“Every institution and organization must declare zero tolerance for Gender insensitivity. Now that there is a statute to protect women from sexual harassment at work place the law must be complied in letter and spirit.
“Sexual harassment is a serious issue that needs to be addressed at all work places urgently and sensitively. Women are valuable human resource. Their contribution in all spheres of life can never be belittled, whether at the home and hearth or away from it, in more impersonal office spaces. In either sphere, they are entitled to a congenial and dignified environment to live their life fully and attain their full potentiality,” a bench of Justices Rajiv Sahai Endlaw and Asha Menon observed.
The bench further observed that gender conditioning where a man develops a superiority complex, while the woman doubts her own capacity, starts very early in life.
“It need not be in the form of a tutorial, but certainly as subtle data to the minds of young children, about their privileges or lack of it. The privileges also come in the opportunities to develop personality, confidence, intelligence and skills. It is impossible not to notice all around us, how easily the ‘common woman’ is put down by the ‘common man’. Less said the better of what happens to the Third Gender,” it said.
The court further said that this gender conditioning leads men to abuse, ill-treat or become violent towards women and third genders or treat them disparagingly and with condescension.
The observations came while allowing the appeal of a woman against a single judge order imposing Rs 50,000 cost on her and directing initiation of appropriate action against her for filing a false sexual harassment complaint against a senior colleague.
The single judge was of the view that the complaint was false as she was unable to produce any witnesses in support of her complaint and did not even disclose to the Internal Complaints Committee (ICC) the inappropriate comments made by the alleged harasser.
While setting aside the single judge’s order, the bench said the statements made before the complaints committee and placed on the electronic file “clearly establish that the respondent (man) had been misbehaving with the appellant (complainant) by making statements with sexual overtones”.
The bench also laid down some guidelines to be followed by an ICC at the time of dealing with sexual harassment complaints, saying there appeared to be complete lack of information with women about the Protection of Women from Domestic Violence Act, 2005.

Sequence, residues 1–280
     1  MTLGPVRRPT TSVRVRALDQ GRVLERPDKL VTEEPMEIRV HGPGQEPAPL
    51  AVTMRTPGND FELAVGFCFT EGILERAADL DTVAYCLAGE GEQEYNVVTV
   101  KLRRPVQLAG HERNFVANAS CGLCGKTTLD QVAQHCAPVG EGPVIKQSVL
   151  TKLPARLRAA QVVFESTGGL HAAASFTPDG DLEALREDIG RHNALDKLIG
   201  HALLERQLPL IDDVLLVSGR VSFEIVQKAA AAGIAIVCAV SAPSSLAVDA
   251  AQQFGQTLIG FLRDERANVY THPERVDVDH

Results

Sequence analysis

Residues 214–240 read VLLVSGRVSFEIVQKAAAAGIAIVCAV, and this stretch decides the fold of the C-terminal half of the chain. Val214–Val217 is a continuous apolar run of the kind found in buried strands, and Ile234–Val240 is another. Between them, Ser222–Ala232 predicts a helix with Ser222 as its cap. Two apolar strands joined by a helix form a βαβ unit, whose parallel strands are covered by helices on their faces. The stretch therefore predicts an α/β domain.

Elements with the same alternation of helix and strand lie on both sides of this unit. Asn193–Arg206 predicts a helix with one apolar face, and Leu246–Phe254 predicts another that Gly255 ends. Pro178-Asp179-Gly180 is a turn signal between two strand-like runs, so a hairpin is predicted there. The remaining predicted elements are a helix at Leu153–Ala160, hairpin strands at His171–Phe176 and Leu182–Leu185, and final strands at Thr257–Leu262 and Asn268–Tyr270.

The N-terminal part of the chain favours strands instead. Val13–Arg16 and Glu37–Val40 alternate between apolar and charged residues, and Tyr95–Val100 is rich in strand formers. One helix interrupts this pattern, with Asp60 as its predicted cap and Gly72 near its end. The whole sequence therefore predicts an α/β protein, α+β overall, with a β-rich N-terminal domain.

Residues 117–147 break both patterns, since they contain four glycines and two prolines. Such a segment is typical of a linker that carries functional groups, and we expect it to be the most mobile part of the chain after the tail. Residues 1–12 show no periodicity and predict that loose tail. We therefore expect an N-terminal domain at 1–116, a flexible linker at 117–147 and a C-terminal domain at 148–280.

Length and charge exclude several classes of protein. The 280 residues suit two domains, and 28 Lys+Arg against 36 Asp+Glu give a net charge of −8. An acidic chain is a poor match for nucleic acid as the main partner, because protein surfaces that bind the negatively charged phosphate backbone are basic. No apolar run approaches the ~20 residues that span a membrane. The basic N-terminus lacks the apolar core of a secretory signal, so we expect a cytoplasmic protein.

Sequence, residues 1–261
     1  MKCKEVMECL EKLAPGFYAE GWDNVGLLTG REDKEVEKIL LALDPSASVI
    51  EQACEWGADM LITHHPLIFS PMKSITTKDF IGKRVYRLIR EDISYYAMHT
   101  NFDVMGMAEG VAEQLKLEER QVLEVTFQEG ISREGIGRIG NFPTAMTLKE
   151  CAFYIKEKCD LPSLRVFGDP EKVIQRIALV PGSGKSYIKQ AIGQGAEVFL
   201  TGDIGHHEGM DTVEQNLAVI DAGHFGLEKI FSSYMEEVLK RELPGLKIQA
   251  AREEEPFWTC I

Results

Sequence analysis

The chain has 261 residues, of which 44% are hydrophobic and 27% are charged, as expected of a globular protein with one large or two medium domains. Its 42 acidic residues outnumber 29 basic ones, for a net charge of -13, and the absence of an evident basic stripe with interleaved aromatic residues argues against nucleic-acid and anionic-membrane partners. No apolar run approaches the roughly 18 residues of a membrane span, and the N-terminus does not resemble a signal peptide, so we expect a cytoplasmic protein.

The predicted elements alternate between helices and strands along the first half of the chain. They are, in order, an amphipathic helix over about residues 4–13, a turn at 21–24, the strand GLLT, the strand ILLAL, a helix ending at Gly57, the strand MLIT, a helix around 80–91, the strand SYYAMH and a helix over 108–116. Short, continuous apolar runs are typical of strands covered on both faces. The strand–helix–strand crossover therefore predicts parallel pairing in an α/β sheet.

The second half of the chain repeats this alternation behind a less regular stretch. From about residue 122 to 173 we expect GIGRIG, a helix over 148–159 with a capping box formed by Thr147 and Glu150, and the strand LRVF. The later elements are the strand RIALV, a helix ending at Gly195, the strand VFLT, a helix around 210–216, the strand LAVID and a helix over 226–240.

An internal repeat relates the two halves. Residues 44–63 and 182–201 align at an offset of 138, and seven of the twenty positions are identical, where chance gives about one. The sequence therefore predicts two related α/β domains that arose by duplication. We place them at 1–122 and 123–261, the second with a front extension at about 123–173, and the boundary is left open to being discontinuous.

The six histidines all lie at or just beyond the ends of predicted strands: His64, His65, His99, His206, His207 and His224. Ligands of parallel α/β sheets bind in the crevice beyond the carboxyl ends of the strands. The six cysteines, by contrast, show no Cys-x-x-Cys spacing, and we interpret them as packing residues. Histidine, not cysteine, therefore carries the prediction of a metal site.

The court said that firstly an organization has to set out the details and information about the Act at prominent places so that any woman who requires help can easily approach the concerned person to submit her complaint and/or appeal.
“Secondly, it cannot be overlooked that the ICC is intended as a platform to provide an environment of confidence to the complainant. It is not to doubt the veracity of the complaint or view the complainant with suspicion. It is to believe her and not compel her to name witnesses to seek corroboration, as has happened in the instant case,” the bench said.
It further said that ICCs have to be set up in every workplace and every woman employee has to be informed as to the person she can contact in the committee when faced with any unsavoury or unacceptable conduct by a male colleague.
“Thirdly, the standard of proof, so to speak, in an inquiry by the ICC is as for a domestic inquiry. Under the Act, the Report of the Internal Complaints Committee” can be taken by the employer for disciplinary action against the delinquent official. Nevertheless, the high standard of proof required in criminal trials is not called for during an inquiry by the ICC under the Act. Therefore, there can be no insistence on production of witnesses by the complainant to corroborate her statement,” the bench said.
It further said that upon conclusion of the inquiry by the ICC, some sensitivity has to be shown by it while recommending action, keeping in mind the dignity of the complainant
It said that a complainant should be transferred only if she seeks it or if she has filed a false complaint.
Otherwise it would amount to adding insult to injury if a wronged woman is transferred for making a genuine complaint.
“The ripple effect of such action could be that other suffering women would hesitate to file complaints, fearing a transfer from the existing office, department or organization, which they may not prefer, for various reasons,” the bench said.
The court said it was imperative to have a strong redressal system in the organization as that would also protect the male workforce and officials from vexatious complaints and also give them the opportunity to explain their conduct and action before a more restricted and confidential forum.